One of the largest unions in the US will vote on Thursday on a comprehensive plan to organize Amazon warehouse workers and drivers.
The International Brotherhood of Teamsters is gathering for its annual convention this week and will vote on a resolution aimed at making helping Amazon workers and them achieve a union contract a key priority.
As part of an initiative called “The Amazon Project,” the Teamsters plan to create a special Amazon department within their ranks that will fund and assist workers in organizing, according to a copy of the resolution previously reported by Vice. The resolution is expected.
Amazon declined to comment. Amazon CEO Jeff Bezos recently admitted that the company needs to improve its people.
The vote comes just months after a failed attempt to unionize one of Amazon’s Alabama warehouses. In April, workers at the Amazon warehouse in Bessemer, Alabama, voted overwhelmingly against union formation, with less than 30% of the vote in favor of joining the retail, wholesale and department store union.
Amazon has long been a target for major unions, with the Teamsters, United Food & Commercial Workers Union, and RWDSU quietly meeting with warehouse and delivery workers. The coronavirus pandemic, the explosion of protests against Black Lives Matter last summer, and mounting concerns about job security have further fueled interest in organizing Amazon warehouses.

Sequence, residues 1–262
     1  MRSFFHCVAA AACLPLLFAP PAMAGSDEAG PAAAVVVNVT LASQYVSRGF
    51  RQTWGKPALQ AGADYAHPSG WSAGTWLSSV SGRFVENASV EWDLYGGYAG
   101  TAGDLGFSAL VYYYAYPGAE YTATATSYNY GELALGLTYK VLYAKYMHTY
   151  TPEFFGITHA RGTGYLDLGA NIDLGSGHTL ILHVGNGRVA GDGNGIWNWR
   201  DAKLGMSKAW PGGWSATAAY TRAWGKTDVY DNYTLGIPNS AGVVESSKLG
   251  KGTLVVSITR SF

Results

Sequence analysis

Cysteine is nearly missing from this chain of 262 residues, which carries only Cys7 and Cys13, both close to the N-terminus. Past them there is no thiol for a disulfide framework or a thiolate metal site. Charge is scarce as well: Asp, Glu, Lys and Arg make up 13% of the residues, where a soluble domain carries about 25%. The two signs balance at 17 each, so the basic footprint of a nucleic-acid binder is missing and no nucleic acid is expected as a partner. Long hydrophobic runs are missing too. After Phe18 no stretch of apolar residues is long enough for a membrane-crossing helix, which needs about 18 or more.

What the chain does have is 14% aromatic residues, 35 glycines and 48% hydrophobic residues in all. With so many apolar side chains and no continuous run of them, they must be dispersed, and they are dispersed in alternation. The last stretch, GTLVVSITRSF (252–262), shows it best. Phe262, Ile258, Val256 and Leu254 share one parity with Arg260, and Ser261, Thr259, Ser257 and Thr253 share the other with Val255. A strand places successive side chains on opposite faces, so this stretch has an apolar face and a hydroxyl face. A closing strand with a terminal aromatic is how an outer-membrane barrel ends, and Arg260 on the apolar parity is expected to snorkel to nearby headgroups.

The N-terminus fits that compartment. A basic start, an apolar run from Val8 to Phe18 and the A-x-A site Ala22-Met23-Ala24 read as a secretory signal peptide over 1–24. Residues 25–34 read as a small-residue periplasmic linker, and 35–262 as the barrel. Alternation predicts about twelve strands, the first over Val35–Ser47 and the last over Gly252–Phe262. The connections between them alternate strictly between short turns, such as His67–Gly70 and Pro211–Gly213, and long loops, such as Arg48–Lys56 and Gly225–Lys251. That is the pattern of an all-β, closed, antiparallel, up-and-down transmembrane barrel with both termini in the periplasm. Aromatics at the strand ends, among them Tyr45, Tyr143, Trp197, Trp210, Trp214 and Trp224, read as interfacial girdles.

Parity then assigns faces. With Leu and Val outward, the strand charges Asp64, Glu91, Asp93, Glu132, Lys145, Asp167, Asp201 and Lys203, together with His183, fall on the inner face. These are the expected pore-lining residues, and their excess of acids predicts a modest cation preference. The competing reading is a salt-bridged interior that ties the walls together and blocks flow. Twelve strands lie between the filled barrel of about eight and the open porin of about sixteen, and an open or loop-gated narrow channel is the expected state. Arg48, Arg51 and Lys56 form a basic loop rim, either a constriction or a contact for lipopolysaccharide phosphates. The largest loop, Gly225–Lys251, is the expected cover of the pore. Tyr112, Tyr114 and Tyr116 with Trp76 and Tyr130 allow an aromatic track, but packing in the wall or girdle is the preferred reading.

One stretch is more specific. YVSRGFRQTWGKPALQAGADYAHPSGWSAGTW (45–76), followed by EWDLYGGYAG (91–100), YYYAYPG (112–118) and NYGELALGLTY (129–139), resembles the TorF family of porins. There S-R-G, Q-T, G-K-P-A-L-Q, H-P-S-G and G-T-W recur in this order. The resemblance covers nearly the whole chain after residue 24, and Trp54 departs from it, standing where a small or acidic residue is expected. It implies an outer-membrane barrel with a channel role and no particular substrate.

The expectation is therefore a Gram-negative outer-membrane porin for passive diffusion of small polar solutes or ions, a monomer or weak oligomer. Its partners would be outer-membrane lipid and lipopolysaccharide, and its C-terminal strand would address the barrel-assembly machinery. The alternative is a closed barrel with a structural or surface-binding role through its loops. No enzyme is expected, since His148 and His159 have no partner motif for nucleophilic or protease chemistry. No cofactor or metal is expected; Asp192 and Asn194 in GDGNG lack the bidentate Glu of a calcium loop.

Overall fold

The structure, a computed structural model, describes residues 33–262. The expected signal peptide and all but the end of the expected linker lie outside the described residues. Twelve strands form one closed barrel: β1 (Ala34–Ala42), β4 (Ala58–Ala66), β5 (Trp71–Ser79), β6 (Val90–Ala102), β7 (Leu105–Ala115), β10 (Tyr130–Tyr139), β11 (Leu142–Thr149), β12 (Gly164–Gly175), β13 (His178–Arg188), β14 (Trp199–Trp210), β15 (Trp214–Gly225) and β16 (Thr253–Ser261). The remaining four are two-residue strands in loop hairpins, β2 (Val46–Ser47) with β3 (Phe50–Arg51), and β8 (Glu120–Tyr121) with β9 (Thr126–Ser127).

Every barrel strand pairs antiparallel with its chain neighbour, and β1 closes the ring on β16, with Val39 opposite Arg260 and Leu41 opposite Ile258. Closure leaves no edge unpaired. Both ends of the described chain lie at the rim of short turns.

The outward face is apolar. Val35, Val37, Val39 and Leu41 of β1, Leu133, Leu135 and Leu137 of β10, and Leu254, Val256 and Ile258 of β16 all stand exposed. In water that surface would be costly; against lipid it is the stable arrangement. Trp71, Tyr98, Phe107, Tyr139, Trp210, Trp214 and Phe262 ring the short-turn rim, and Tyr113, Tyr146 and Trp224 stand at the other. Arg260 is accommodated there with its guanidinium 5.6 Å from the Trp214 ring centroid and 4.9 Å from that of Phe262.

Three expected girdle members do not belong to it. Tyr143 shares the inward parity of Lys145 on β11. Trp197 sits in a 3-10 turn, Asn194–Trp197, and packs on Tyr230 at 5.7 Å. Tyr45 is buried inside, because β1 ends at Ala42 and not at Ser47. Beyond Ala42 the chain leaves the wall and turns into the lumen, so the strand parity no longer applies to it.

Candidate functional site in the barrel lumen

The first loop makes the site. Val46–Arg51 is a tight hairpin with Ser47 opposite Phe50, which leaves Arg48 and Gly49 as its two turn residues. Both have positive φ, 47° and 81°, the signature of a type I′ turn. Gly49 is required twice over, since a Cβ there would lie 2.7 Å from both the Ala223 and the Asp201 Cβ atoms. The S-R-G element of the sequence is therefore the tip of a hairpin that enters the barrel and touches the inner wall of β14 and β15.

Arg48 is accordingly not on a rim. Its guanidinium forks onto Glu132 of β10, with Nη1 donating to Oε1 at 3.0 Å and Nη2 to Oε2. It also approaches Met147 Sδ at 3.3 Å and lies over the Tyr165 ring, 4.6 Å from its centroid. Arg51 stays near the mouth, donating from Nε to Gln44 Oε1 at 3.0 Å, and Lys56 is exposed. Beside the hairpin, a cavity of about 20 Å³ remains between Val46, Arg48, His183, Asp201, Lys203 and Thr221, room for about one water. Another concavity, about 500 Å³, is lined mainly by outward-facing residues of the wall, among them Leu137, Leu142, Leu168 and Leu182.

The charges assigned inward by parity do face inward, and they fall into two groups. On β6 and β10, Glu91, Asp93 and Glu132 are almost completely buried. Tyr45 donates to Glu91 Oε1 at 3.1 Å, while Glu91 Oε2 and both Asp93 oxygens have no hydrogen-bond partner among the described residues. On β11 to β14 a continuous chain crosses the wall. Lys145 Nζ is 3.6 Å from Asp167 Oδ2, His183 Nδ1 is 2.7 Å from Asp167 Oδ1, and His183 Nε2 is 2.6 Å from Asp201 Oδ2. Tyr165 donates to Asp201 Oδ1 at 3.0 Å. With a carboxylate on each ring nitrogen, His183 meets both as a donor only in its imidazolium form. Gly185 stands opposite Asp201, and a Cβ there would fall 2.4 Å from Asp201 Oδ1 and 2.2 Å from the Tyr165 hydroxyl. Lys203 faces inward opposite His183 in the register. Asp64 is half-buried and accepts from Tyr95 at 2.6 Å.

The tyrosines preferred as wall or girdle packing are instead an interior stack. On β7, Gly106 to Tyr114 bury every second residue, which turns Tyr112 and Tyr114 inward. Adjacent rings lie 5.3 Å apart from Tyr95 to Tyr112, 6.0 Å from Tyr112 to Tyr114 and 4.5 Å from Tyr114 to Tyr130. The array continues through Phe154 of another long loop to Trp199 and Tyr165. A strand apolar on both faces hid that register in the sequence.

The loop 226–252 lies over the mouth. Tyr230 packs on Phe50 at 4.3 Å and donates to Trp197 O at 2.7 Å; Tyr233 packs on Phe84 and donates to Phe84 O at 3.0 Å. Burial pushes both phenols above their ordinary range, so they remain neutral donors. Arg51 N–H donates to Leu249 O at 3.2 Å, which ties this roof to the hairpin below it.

Unions from Amazon would be an uphill battle. The company has managed to fend off large unions since it was founded in 1994. Unions have organized part of Amazon’s European workforce, but no US entity has successfully unionized or joined.
Amazon has come under repeated criticism for its working conditions, including its injury rates and productivity requirements. Delivery drivers have also raised concerns about the requirements of the job.
“The International Brotherhood of Teamsters recognizes that there is no clearer example of America failing the working class than Amazon,” read a copy of the resolution received from CNBC. “From its beginnings as a bookseller, Amazon has grown into an e-commerce giant that has turned industry upside down and displaced hundreds of thousands of jobs.”
Additional organizing efforts have sprung up across the country since the Bessemer vote. RWDSU previously said that more than 1,000 workers contacted the union to organize their own workplaces. The workers have also set up grassroots advocacy groups like Amazonians United Chicagoland.